Alyce: My experience has taught me the hard way that you need to be completely prepared in all three areas. For cycling and running, the more mileage you put in, the better you get, but it’s different with swimming if you don’t know the right techniques.
I would say first, invest in good swim coaching because that will change your whole learning journey and impression of swimming. With the right technique, everyone can swim effortlessly.
People struggle in freestyle because they have built improper technique over the years. You need to find the right technique that suits your physique. There is a whole science behind this but that is for another conversation. Be patient to get the feel for the water (the ability to gain traction in water and translate it into forward movement). It took me almost one year to achieve this and once you get it, you’ll never forget!
After learning the fundamentals, do find a swim squad to practice with. Swimming in a squad simulates swimming closely with others at an event. It can also motivate you to be stronger like your swim mates when you train together.
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ToughASIA: Most triathletes fear swimming in the open water. How do you help them overcome this fear? Can you share any tips or advice?
Alyce: Many experience peer-pressure to take part in triathlons even before being completely prepared. To be a good swimmer and learn about the safety behind open water swims, you need to first swim well in the pool!
You will eventually gain confidence once you train and clock in your mileage by doing laps. In most cases, it is a lack of practice and preparation that leads to fear in the open water. If these skills are not practised, one will panic and this is when accidents happen.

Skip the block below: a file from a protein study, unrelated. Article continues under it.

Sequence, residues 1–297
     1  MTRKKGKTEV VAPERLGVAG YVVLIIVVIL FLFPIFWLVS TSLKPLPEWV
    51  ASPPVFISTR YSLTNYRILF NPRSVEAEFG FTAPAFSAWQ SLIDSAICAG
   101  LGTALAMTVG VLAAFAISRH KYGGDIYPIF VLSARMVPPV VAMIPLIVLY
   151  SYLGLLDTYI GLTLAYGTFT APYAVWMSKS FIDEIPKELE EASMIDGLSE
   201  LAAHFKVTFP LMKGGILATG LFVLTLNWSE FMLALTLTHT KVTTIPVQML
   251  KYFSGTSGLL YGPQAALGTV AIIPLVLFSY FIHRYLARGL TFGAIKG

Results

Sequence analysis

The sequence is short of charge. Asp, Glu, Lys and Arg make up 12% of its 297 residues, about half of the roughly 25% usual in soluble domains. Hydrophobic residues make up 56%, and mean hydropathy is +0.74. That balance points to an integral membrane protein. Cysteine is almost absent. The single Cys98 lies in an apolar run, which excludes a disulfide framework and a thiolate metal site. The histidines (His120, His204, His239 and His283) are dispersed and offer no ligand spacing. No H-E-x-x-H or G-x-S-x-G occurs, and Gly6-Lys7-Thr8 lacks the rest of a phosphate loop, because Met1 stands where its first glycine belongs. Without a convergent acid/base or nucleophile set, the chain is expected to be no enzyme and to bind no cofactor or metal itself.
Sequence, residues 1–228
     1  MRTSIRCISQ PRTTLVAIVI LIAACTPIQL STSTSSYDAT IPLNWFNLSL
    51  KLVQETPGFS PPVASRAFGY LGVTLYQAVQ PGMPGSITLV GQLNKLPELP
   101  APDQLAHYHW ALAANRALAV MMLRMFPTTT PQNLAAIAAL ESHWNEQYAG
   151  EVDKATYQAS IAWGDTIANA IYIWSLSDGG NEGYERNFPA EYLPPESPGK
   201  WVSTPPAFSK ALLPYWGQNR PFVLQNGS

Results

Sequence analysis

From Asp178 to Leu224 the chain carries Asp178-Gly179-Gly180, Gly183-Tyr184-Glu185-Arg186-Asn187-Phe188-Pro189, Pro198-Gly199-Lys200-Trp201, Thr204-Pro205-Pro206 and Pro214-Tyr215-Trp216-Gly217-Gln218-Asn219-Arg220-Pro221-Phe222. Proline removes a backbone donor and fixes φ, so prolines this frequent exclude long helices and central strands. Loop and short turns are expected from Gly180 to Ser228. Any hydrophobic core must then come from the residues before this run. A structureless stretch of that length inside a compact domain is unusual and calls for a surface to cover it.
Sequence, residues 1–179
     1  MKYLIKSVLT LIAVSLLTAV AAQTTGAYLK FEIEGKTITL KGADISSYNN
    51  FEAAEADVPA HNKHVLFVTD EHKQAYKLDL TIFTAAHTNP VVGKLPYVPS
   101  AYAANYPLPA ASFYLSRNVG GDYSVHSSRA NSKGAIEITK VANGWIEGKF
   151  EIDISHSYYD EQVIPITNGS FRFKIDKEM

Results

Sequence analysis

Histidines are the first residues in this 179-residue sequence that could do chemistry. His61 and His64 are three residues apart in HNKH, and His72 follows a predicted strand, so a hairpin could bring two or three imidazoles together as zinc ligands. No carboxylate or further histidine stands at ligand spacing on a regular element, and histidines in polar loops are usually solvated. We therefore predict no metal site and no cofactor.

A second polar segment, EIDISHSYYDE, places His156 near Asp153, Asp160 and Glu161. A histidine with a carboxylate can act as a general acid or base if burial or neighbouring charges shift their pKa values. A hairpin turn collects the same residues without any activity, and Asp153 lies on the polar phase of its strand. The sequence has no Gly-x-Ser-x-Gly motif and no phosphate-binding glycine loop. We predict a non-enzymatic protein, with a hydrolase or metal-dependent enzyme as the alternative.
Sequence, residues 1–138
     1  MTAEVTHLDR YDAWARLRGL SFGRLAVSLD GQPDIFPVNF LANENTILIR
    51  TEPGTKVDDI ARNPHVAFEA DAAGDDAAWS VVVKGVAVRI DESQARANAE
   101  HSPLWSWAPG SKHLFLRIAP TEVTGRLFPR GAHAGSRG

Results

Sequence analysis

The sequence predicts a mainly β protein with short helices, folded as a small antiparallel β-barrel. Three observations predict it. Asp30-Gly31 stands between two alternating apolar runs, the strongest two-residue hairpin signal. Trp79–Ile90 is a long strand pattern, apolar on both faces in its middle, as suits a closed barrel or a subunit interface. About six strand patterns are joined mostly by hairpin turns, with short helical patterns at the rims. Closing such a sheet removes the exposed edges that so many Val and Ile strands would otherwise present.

- Practise in the pool to handle emergencies like leg cramps, foggy goggles and be able to call for help (backfloat).
- Practise water treading.
- Learn open water skills such as sighting (navigation skills), drafting, buoy turning, swimming in a group.
ToughASIA: Did the lockdown imposed during the MCO disrupt your profession as a swim coach?
Alyce: It was quite tough for me when the government imposed a necessary lockdown March last year. All our plans had to come to a halt. I felt lost and frustrated at the beginning and feared my swimmers would lose their water fitness after so much training time has been put in.
To overcome this, I started doing dry land training sessions with the squad online so they can continue to stay active and give them a better transition back into the water when we can all swim again.
On the brighter side, I had more time to work on the other two disciplines (cycling and running) where I had completely neglected. Without having to rush, I started to enjoy cycling around the neighbourhood and exploring places I never thought would be exciting. I realised that there is so much good food around too! Who would have thought cycling and running can be so enjoyable.
So, during these trying times, I’ve actually managed to change my routine to a triathlete’s lifestyle. I am able to train all three disciplines as a single sport. I become better at planning and arranging my time for all three.